Whether you’re looking to step up your spring training or revitalize a lagging New Year’s resolution, personal goal setting is incredibly beneficial. It can help bring new motivation and drive to your home workouts, similar to how a personal trainer adds an element of accountability that pushes your workouts/performance to a higher level. If you’re willing to put in a little time creating and defining your goals, you can bring this same level of energy to your treadmill, elliptical and recumbent bike workouts at home. The best goal-setting techniques will include both creative and concrete strategies that help you to visualize and believe in the end result, as well as to establish a path to lead you there.

Get Creative.  While setting goals can be a bit scary, defining big-picture changes that you’d like to see brings meaning to your daily actions. Think big and think long term, coming up with a vision that will challenge you. Ask yourself where you want to be in five years. Do you have a healthy weight in mind?  Perhaps you’ve become a regular runner and are playing in your local intramural athletics over the winter? Or maybe your driving vision has more to do with being around longer to enjoy a healthy life with your family. Whatever your vision, your goals will be more meaningful if you take the time to make them personal. Try stating your vision in the present tense, as though it’s already happened…such as, “at my annual physical, the doctor is congratulating me on my weight loss of 40 pounds,” and then working from that statement to develop your plan. The idea here is to create a vision that gives you focus and energy when sticking to your daily plan. Lululemon’s blog offers some great tools for goal setting, including a goal-setting worksheet that you can download here.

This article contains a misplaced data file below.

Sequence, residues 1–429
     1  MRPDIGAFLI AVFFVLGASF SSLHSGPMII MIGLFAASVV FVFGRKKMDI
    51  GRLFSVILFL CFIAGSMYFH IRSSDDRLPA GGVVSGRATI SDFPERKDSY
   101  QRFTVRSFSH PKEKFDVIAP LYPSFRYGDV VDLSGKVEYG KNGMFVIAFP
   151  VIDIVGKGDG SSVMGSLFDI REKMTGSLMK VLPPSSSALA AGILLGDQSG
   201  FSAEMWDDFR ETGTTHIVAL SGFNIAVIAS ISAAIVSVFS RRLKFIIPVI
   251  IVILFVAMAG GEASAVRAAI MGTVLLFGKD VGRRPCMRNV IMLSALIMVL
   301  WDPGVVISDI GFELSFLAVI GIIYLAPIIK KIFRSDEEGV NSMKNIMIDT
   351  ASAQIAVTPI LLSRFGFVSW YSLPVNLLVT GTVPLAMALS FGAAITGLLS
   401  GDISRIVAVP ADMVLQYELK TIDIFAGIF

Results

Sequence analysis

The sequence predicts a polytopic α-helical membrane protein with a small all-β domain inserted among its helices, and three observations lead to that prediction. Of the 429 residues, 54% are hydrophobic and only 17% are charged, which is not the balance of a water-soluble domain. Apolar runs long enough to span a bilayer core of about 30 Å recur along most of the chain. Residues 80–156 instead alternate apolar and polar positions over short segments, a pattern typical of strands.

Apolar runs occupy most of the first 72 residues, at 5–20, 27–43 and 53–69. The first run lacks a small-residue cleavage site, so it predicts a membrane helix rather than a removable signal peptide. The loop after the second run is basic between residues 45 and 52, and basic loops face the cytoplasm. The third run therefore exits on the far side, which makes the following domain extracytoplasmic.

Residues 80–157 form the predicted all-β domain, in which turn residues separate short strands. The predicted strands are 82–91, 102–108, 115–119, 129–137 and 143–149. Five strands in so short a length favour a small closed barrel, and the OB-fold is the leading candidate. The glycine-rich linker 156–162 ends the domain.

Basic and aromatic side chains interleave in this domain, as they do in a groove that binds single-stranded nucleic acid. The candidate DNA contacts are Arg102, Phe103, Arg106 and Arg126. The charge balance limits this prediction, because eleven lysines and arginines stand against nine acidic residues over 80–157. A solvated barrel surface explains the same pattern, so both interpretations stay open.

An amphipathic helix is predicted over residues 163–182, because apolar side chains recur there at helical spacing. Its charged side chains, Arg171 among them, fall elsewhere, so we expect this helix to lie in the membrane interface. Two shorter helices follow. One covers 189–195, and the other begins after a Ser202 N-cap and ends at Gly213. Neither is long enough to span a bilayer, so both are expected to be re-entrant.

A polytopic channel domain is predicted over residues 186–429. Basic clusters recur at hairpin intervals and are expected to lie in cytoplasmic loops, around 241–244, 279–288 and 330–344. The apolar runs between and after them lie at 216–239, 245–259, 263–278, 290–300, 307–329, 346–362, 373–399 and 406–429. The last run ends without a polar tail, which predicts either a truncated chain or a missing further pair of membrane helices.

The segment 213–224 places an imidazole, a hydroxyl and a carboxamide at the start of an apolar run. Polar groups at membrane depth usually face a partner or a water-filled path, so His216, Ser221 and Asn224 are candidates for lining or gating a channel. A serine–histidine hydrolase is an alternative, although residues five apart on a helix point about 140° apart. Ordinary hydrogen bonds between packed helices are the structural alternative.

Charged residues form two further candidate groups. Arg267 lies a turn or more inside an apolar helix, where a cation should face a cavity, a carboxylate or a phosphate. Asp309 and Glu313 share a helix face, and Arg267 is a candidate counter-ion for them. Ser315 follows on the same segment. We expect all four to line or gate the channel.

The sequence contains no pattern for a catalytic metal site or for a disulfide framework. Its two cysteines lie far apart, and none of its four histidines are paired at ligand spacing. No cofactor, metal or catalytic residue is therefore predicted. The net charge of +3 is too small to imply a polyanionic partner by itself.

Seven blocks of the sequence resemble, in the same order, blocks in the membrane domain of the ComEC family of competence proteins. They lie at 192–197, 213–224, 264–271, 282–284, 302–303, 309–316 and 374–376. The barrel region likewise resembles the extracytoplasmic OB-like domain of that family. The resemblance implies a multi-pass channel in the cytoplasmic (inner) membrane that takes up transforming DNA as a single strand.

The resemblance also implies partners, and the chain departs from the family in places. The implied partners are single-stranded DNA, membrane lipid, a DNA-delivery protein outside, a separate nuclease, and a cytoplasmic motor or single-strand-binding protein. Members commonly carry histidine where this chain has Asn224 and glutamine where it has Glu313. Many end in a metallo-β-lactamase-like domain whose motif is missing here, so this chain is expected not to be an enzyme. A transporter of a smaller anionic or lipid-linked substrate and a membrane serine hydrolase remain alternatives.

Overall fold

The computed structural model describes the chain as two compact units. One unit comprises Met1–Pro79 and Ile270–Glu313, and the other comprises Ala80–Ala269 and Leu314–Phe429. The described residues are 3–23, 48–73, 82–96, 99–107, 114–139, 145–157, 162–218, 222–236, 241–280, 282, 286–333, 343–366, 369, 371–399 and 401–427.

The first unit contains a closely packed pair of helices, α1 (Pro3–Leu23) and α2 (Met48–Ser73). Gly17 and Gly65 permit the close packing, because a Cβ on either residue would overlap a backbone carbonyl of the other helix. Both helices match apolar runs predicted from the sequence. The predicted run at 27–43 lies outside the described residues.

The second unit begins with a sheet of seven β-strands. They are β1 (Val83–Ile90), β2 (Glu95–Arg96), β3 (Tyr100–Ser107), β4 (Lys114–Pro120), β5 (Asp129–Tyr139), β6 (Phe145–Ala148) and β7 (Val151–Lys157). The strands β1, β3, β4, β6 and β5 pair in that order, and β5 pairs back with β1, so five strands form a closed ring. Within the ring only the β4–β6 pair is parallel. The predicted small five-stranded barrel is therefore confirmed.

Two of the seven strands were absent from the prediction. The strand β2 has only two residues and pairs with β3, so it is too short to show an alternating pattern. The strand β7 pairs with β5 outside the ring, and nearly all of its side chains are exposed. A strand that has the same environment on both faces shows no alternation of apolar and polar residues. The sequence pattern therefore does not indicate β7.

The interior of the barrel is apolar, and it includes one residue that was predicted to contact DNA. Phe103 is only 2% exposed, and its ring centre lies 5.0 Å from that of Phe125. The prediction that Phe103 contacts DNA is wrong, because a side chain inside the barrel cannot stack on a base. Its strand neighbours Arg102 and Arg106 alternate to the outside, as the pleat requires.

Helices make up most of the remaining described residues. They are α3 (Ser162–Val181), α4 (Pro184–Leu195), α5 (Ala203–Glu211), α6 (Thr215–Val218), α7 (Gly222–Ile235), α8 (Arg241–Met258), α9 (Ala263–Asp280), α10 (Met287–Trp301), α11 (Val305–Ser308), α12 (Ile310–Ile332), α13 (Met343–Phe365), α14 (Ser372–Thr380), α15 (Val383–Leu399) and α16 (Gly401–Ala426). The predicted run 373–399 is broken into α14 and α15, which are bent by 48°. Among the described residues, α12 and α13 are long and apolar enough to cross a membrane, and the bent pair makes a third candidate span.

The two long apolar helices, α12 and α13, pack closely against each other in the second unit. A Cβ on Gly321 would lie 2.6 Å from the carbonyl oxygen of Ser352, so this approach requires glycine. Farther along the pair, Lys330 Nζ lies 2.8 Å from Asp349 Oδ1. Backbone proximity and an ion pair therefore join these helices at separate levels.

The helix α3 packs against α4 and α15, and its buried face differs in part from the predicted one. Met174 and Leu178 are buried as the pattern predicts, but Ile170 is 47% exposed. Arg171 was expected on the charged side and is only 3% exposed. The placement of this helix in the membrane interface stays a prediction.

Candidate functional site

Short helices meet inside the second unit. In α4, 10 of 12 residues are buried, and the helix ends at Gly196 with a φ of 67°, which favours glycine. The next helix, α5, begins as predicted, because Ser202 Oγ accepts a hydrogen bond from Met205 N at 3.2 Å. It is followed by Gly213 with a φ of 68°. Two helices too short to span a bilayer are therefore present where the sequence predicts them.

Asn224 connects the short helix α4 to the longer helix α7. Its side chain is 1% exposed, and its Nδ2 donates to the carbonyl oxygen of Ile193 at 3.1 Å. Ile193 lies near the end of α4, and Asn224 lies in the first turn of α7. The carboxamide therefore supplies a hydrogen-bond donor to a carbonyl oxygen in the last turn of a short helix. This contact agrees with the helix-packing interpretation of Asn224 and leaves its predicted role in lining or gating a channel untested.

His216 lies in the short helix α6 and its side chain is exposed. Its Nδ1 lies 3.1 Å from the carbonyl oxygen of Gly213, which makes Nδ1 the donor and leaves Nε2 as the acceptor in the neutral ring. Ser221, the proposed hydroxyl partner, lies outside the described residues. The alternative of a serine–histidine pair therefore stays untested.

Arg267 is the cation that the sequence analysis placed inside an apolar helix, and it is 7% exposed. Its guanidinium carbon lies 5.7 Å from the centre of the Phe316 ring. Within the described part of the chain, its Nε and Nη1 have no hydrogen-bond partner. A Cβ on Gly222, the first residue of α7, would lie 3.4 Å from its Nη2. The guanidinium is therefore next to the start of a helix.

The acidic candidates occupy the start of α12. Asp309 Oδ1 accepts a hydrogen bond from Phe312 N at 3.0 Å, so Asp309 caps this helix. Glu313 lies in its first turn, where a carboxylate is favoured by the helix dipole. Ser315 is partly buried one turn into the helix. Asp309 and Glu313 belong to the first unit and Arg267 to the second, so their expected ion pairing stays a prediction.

Make it Concrete:  Once you’ve put your creativity into defining a personal, long-term goal, it’s time to get concrete about the shorter-term strategies you will use to reach that goal. Try breaking your long- term goal down to a shorter-term change, such as a weight loss of 10 pounds over the next three months. Then develop a plan for reaching that goal through your daily and weekly actions. This might include packing yourself a healthy lunch four days of your week, adding in additional workouts on your home exercise equipment and/or reducing empty calories such as sugar or alcohol. You can use the SMART acronym when defining your goal…making it Specific, Measurable, Achievable, Realistic and Time-based. This will help you to prevent developing vague “goals,” such as “eat healthier,” without having a means of measuring your progress. Your job here is to come up with a plan for the frequency of your activities, a defined ending or check-in date and a little reality checking to make sure you won’t give up entirely the first time you skip a training session. For more help in creating a concrete, personal goal, check out this resource at Sparkpeople.